The major party’s various spokesthings have all been arguing through the media over how many “affordable” homes have been built in the last three years, yet none have bothered to ask whether that tag in the context over which they’re arguing means anything.
The story first. Looking for a headline, Labour’s Phil Twyford “released official Auckland Council figures that showed in the past three years, only 18 houses built on special housing areas were declared to be an affordable dwelling.” Which sounds damning. In response, “Housing Minister Nick Smith said more than 500 homes from two special housing sites have been completed and cost under $650,000” – 190 homes at Weymouth, and 327 at Hobsonsville. Which sounds better.
But which one’s right? And does it actually matter?
Well, they’re both right, because they’re both talking about different things – one about houses for which a “statutory declaration” of being affordable has been made as part of a so-called Special Housing Area (SHA) developement, the other about houses in the SHAs a cabinet minister might call affordable.
But does it matter?
Well, let’s ask the Prime Minister who, in 2007, said
I think it’s dangerous for the Government to pretend that developments such as that [government-promoted scheme] at Hobsonville are some sort of panacea to the housing affordability crisis…
And he was right. Still is. Because as he went on to say, “Well, let’s get real here.” Which is to say, if we’re to speak with the bark off, either 18 or 500 – that’s a drop in the fricking bucket compared to the thousands of houses needed to break the ever-spiralling cycle upwards! The only solution, as the Prime Minister understood in those halcyon days before he actually took office and became a wind-up Smile-and-Wave Doll, “If we want to make houses more affordable for first-home buyers, we need more houses to be built as cost-effectively as possible.”
Which, to be blunt, means him and his cronies getting the fuck out of the way.
If they did, we wouldn’t need to be arguing about how many houses with the government label “affordable” on them had been built, because builders would be able to get out there and build by the thousand the houses that would make the overheated market actually affordable again.
They wouldn’t need to build them on Special Housing Areas or make goddamn “statutory declarations” about how many alleged affordable units were in each development if both the RMA and the Building Act were properly euthanased. Instead, we could simply rely on the ability for builders to make a fair profit on their spec houses and the age-old mechanism of “churn” – the housing version of The Double-Thank You Moment.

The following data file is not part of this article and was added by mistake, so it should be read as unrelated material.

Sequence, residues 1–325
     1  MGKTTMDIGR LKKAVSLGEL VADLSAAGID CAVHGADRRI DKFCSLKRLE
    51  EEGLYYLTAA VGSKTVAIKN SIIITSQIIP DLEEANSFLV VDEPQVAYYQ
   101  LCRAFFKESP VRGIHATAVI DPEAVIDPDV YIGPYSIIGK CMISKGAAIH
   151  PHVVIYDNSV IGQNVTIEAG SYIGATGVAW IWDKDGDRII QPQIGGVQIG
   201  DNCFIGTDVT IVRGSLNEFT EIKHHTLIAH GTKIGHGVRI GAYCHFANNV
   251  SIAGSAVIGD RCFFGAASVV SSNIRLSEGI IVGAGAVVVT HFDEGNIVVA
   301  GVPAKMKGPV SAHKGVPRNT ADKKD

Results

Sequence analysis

“Churn” in this context refers to the chain of purchasers who “trade up” after a new house is bought and folk move into that house and out of their old one—leaving their old house empty for someone else to move into, which leaves their house empty for someone else to move into, which leaves their house empty for someone else to move into, and so on and so on right on down the line.
In a healthy housing market, one house purchase by one family can start off a chain reaction of up to ten, twelve or even twenty moves further down the line as each family moves out of their old and up to their new home.
Why do I say “move up”? Because this is the housing equivalent of the weird double-thank-you moment we talk about in economics:
How many times have you paid $1 for a cup of coffee and after the clerk said, "thank you," you responded, "thank you"?
There’s a wealth of economics wisdom in the weird double thank-you moment. Why does it happen? Because you want the coffee more than the buck, and the store wants the buck more than the coffee. Both of you win.
Equally, when you decide to sell what you’ve got now to move into a new place, it’s because you want the new place more than the old place—and your new buyer wants your old place more than their old place, and so on down the chain. You each want the new place because in your minds your new housing situation is going to be better for you than your existing housing situation.
It’s just the same for every buyer in the chain.
So every time a new house is built and purchased, of whatever value, that opens up opportunity for many other families to make their situation better.
So while the buyer of the $300,000 may not know it, that new $485,000 house is what just made his own life better. He’s at the end of a chain of churn created by that first purchaser and his vendor saying “Thank you!”
Here’s something else that seems contradictory until you think it through a little: It turns out too that in a healthy housing market a new more expensive home creates more openings down the line than a cheaper more affordable home does—up to twenty housing moves for an upper-quartile home as compared to less than five or six for one in the lower price quartile--meaning, strangely enough, that the more expensive houses that are built the more folk actually benefit.*
If that idea makes your head hurt, then consider this question: is it better in general to build better houses or lesser houses? Wouldn’t we all agree that better quality is far better than lesser? So as better houses costing more are built and folk move up to what in their own view are better houses, the overall housing stock for everybody is improved.
Isn’t this better than flooding the market with houses of lower cost and lesser quality, which actually produces fewer moves helping fewer people, and resulting in the end only in having created the slums of tomorrow?
The real answer to affordable housing then has been provided neither by the Blue Team nor the Red Team.
The answer is to fix the broken market.
And how do they do that? They stop pretending they know what they're doing and just get the hell out of the way.